Denmark ups the ante on chemical hazards

Computer modelling suggests tens of thousands of existing substances should be classified as dangerous

Tens of thousands of so-called "existing" chemicals marketed in the EU should probably be classified as dangerous because computer modelling suggests that they present at least one type of hazard to health or the environment, according to Danish Environmental Protection Agency (EPA) researchers.

The current EU dangerous substances list has 5,000 chemicals on it. Recent EPA modelling of just half of the 100,000 existing chemicals on the European Inventory of existing commercial substances (EINECS) suggests that a further 20,000 should be added, the agency's Lea Stine Tobiassen told ENDS Daily. This list would certainly grow if techniques were improved to enable assessment of the remaining 50,000 chemicals or difficult-to-model "end-points" such as reproductive effects.

Still underway, the research was publicised by Danish environment minister Svend Auken earlier this month in a briefing for journalists at the start of the new parliamentary session. The EPA hopes to publish its data in full by around the new year.

The EU is currently preparing for a major overhaul of chemicals policy, sparked largely by extremely slow progress towards assessing risks, and particularly those presented by "existing" chemicals placed on the market before 1981, for which few pre-marketing tests were required. Despite years of work, only nine existing chemicals have completed the full risk assessment process (ENDS Daily 23 May).

Detailed European Commission proposals for new rules, including greater responsibilities on manufacturers to demonstrate safety, were due to emerge this summer but have been delayed, probably to later this year (ENDS Daily 6 June).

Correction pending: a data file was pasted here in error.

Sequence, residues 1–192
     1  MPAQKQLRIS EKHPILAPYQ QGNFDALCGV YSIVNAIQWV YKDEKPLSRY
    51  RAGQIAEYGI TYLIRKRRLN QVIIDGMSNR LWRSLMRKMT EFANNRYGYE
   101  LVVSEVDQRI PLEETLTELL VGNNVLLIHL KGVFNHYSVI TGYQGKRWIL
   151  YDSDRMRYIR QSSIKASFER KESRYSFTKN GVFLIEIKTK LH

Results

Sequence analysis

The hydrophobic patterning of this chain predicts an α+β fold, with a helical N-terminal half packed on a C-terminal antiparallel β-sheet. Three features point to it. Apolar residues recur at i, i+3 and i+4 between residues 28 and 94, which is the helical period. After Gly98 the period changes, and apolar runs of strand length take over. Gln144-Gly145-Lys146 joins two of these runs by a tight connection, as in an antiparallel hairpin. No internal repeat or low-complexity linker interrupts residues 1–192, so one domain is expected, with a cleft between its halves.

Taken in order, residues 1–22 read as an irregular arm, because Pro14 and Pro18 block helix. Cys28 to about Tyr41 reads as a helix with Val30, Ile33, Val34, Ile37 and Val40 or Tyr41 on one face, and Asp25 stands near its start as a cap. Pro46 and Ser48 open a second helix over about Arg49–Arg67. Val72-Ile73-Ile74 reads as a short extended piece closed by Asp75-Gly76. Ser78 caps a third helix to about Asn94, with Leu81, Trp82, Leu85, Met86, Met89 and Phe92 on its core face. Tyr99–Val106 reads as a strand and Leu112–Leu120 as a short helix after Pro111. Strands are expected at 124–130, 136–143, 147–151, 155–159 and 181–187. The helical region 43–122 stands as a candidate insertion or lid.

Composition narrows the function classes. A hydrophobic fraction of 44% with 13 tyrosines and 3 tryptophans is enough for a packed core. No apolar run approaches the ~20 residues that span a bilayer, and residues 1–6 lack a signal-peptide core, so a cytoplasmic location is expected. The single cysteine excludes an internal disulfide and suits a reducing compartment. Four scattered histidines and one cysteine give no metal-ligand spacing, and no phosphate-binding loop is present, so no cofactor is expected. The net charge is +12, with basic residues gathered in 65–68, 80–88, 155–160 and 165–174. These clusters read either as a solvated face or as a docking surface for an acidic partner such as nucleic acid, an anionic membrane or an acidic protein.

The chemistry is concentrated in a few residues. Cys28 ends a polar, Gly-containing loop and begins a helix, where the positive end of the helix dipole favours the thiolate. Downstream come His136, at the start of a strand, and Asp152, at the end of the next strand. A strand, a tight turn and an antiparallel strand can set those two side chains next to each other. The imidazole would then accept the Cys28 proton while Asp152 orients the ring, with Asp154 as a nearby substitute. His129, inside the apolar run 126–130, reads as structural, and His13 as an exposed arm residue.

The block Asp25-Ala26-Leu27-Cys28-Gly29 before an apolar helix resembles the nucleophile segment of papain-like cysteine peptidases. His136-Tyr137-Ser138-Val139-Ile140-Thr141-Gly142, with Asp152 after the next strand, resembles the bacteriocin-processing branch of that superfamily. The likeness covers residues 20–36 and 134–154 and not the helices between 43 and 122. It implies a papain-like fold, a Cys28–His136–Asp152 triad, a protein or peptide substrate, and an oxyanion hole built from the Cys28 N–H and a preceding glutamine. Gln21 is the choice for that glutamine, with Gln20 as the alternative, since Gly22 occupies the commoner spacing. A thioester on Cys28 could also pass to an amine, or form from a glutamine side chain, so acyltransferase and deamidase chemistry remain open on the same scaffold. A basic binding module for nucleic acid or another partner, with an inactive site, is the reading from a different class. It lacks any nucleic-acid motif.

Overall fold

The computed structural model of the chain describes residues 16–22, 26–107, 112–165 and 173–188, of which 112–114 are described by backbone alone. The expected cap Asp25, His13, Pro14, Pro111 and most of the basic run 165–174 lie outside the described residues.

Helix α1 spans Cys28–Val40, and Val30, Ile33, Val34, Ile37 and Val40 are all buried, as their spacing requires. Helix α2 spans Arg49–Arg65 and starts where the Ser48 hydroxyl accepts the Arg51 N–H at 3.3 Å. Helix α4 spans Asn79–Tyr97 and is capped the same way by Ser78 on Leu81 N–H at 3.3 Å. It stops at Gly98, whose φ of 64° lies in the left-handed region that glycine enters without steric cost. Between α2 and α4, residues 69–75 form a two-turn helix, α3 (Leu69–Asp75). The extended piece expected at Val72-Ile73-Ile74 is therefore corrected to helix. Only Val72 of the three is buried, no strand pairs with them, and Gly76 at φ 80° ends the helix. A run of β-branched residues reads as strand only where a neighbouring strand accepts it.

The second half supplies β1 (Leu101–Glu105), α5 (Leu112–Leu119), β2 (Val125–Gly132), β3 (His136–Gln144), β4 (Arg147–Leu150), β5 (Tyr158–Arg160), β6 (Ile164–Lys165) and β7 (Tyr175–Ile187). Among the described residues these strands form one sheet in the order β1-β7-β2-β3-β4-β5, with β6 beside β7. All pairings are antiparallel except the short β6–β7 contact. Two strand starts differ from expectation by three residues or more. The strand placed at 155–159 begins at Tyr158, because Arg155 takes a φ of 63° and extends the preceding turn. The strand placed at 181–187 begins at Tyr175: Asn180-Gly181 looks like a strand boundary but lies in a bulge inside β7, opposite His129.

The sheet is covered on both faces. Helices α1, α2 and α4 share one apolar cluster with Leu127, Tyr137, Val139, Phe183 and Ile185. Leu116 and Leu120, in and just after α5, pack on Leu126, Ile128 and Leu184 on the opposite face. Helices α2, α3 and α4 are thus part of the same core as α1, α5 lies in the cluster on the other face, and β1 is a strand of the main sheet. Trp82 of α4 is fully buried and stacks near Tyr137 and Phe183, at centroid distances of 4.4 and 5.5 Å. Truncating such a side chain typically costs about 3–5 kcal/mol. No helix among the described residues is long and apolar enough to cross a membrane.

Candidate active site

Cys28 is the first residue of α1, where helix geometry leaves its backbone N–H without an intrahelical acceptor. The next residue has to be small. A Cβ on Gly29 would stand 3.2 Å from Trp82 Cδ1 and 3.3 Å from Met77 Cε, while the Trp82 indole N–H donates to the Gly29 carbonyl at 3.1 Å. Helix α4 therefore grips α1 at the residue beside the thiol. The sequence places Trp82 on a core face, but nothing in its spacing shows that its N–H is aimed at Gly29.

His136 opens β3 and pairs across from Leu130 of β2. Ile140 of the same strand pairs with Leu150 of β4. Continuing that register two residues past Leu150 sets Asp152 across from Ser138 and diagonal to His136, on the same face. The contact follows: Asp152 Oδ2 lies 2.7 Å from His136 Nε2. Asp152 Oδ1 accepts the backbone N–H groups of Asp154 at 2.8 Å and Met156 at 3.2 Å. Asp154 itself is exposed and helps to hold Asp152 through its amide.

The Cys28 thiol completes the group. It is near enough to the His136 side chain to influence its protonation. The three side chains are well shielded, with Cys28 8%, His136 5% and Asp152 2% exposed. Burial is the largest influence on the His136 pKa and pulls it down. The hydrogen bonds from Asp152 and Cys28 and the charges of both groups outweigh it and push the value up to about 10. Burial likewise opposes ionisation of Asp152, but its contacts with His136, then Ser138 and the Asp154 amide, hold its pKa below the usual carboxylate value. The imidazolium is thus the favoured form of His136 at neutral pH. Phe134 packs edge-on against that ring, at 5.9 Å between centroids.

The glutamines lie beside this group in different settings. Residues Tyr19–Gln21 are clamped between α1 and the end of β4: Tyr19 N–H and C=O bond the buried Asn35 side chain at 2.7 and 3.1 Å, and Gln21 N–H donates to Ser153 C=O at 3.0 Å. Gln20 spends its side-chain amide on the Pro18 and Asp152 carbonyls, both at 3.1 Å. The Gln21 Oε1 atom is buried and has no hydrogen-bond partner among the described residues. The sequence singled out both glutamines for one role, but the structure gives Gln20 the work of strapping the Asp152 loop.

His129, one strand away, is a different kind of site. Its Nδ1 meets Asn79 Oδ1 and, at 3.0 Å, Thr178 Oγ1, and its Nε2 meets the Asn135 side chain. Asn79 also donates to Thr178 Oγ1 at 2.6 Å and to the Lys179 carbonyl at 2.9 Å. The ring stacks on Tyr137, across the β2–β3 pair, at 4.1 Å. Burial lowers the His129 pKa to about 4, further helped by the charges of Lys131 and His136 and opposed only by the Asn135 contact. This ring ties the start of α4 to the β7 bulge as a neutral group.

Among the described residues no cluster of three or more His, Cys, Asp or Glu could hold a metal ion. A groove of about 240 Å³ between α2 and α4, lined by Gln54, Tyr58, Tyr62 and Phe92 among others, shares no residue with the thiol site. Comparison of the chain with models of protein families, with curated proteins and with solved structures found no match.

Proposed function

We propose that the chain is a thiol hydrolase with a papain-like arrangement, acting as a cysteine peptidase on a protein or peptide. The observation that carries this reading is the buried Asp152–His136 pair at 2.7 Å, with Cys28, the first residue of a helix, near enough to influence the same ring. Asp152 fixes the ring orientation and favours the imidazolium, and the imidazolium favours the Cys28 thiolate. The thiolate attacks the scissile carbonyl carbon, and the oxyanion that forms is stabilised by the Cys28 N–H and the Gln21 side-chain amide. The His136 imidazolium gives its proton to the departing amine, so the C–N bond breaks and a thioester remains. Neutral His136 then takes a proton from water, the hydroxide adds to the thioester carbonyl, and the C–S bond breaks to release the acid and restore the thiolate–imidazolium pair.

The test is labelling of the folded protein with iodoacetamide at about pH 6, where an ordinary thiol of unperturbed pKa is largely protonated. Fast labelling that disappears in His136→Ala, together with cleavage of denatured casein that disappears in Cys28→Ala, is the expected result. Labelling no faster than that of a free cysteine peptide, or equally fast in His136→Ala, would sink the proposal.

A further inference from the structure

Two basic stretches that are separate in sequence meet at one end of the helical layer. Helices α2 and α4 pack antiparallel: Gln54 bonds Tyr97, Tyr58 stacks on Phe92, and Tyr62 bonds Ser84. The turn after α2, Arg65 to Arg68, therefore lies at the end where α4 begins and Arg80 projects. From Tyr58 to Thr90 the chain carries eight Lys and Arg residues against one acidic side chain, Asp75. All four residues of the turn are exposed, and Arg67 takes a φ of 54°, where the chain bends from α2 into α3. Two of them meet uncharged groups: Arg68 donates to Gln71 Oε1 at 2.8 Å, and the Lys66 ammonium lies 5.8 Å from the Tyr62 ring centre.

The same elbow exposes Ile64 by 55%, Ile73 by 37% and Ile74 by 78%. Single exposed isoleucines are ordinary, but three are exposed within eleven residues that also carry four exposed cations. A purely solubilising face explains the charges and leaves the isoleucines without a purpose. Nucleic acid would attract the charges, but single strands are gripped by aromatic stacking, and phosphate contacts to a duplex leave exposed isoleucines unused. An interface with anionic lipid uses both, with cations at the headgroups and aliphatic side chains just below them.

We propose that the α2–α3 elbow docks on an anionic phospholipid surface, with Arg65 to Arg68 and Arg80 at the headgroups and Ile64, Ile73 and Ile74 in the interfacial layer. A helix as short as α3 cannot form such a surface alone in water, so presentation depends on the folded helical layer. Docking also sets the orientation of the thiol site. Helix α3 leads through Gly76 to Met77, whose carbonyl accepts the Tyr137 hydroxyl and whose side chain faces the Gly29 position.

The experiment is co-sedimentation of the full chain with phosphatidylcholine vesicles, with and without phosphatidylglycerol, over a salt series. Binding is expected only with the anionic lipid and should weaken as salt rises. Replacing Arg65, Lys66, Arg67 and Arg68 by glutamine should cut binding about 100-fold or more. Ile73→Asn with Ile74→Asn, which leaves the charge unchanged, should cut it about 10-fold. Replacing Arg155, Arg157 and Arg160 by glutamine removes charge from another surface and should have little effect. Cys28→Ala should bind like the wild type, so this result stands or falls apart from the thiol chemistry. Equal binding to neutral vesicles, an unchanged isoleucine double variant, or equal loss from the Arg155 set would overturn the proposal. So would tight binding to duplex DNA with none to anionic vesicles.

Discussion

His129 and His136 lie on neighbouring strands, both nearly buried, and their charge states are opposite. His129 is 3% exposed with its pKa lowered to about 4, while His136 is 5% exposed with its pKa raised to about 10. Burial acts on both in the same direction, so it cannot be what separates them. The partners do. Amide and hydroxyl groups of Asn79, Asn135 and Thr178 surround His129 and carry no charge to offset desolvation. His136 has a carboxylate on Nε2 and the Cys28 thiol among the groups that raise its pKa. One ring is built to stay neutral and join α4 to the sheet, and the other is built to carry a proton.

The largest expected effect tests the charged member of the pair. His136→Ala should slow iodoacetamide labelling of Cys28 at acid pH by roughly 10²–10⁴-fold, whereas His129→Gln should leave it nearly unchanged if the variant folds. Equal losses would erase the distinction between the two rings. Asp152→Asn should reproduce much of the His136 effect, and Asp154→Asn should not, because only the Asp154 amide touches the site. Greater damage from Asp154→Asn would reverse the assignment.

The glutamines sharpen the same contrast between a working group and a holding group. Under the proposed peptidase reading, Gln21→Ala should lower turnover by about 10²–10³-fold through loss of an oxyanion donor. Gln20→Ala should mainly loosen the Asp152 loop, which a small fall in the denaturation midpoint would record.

The Danish research aims to cut through the time-consuming assessment process by running recently developed "quantitative structure activity relationship" (QSAR) computer models on chemical structures. These models now have an 80% accuracy in predicting whether most organic chemicals are likely to show one or more of the standardised hazard "end-points" used by the EU, Ms Tobiassen said. End-points assessed in the exercise were acute oral toxicity, sensitisation by skin contact, mutagenicity, carcinogenicity and aquatic toxicity.

Several benefits should flow from the new research, the EPA hopes. As well as suggesting how many chemicals on EINECS should eventually be classified as hazardous, it will also help focus more detailed testing on chemicals most likely to be dangerous, Ms Tobiassen said.

The EPA is also keen to support greater responsibility by industry, and plans to publish the list of 20,000 chemicals predicted to be hazardous as an advisory list for self-classification by companies.

Follow Up:
Danish EPA, +45 32 66 01 00.

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